Borderlands 2 was one of the most entertaining games of 2012. It stepped away from the realistic first person shooter genre to provide a game where the rule of cool literally takes precedence. The next game in the series, Borderlands: the Pre-Sequel, is set between the first and second games; but most importantly is not developed by Gearbox Entertainment. It is a question of whether 2K Australia has managed to continue the unhealthy obsession with being a badass.
Borderlands: the Pre-Sequel is set Elpis, a moon orbiting Pandora where the first two games took place. In a strange twist, most of the inhabitants are meant to be Australian; that barely shows through, as most of the characters interacted with have appeared in previous games and do not speak with an Australian accent.
The moon also provides some interesting new challenges with the lack of oxygen and low gravity. Both of which impact gameplay and introduce new things to do in-game; but more on that later.
On the other hand, Elpis, as a moon, has the most boring terrain ever seen in a video game. Players put up with grey rocks and cliffs throughout the first half of the game that can get repetitive while travelling between areas.
The occasional Dahl outpost or Scav encampment breaks up the monotony of seeing the same moon rock cliff for the hundredth time. Although even these end up recycling assets so often they end up looking the same after a few hours. This drawback makes the first few hours of the game rather difficult to get into and truly enjoy.
The Pre-Sequel attempts to explore the reasons for Borderlands 2 antagonist Handsome Jack turning to evil. It does this in a rather shallow manner, without asking the difficult questions about morality. Handsome Jack’s turn from hero to villain is handled as a by-the-way kind of thing, and doesn’t make the player think too much.
The writing is a little weak, especially when compared to Borderlands 2. There are few new characters that are truly memorable, and even returning NPCs feel like a pale shadow of themselves.
With that in mind, 2K Australia has put some effort into telling a decent story. The narration changes slightly between playing in normal and True Vault Hunter Modes. Borderlands The Pre-Sequel continues the genre savvy theme began in Borderlands 2 and lampshades the fact that the player is both playing the game twice and the fact that the entire story is told as a flashback from the point of view of one of the Vault Hunters.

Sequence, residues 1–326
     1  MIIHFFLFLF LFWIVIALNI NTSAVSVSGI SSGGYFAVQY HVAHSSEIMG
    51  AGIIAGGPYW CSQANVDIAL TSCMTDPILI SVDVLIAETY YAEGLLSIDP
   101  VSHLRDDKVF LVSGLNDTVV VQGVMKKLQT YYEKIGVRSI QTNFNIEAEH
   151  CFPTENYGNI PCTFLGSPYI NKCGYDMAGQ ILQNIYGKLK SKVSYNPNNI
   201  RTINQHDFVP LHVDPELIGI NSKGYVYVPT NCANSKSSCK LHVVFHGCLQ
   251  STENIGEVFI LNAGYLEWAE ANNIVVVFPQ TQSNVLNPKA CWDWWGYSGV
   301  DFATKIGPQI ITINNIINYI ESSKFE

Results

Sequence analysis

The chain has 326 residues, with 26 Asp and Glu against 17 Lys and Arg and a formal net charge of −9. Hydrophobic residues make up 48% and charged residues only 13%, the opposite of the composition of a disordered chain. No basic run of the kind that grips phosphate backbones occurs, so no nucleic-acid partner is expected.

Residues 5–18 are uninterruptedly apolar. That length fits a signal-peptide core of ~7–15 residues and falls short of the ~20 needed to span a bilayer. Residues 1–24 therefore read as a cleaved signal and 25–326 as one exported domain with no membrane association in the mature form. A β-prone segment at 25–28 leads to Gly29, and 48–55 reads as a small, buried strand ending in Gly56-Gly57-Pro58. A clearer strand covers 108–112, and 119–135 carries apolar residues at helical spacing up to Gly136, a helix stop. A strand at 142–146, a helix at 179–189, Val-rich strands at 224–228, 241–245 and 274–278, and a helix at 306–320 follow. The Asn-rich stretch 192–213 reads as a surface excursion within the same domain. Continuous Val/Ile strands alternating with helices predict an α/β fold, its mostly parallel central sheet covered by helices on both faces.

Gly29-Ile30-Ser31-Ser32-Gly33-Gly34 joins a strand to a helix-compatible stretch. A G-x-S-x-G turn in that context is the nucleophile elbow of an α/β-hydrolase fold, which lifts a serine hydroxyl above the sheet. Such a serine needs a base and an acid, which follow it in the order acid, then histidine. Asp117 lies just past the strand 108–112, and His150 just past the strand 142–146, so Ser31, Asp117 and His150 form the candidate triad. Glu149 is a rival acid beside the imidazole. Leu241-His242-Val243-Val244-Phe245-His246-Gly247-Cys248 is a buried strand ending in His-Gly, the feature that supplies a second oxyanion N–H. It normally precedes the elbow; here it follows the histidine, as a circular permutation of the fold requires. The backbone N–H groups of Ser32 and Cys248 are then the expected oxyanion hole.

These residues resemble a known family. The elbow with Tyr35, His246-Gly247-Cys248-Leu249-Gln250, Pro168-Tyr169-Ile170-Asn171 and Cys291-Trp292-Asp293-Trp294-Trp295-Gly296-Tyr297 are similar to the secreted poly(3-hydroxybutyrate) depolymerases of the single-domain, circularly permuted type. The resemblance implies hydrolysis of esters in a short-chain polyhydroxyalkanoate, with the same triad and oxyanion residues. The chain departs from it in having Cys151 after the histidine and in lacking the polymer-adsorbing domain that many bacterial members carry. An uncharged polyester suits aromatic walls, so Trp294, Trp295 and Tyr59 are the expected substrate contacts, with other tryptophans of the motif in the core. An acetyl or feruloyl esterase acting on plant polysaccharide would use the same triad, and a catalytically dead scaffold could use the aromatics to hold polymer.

2K Australia has come up with an interesting way of subtly prodding players into an aggressive playstyle. Due to oxygen concerns, players cannot stay outside for very long. Oxygen refills can be found from either the air vents that dot the surface of the moon or by killing enemies who drop canisters. Each map is also laid out in such a way that the air vents are located suspiciously close to enemy spawn points and encampments.
Oxygen isn’t only a resource to keep players alive; it also works to fuel double jumps and ground slams (referred to as butt slams). Butt slams are an extremely powerful attack that allows players to leap into the air and hit the ground doing damage to all nearby enemies. It is also the best thing ever to happen to first person shooters. Counter-Strike players who are used to the bunny hop to evade fire will love the extra option of turning that harmless hop into an area of effect blast that can be modified to freeze enemies solid, or set them on fire, or shatter face masks causing opponents to suffocate.
The Pre-Sequel also fixes a minor issue with Borderlands 2 at higher levels by removing the Slag element. Slag was an elemental effect that caused the affected target to take extra damage from all attacks; it was also the only element worth using. Removing it from the game now gives players a reason to pack multiple weapons and elements for deal with different situations; especially with the inclusion of the Cyro element that can freeze enemies solid.
Unfortunately, The Pre-Sequel isn’t quite polished as an experience. Enemies face clipping problems throughout the game, occasionally falling into walls, getting stuck on terrain, and shooting through floors. Several quests also failed to complete, either failing to provide a reward or randomly stating that it had been failed.
Borderlands: The Pre-Sequel is a worthy addition to the franchise. While it isn’t nearly as polished or entertaining as Borderlands 2; it does retain the sense of fun from its predecessor. Th new weapons and gameplay mechanics that encourage players to rush into the fray prevent the game from being just a simple cash grab.
The game may be a little short, but it does just enough to keep players engaged and set up the next installment of the series quite nicely. It also neatly fills in the gaps left in Claptrap’s past and what happened to everyone’s favourite nuisance between the first and second games.
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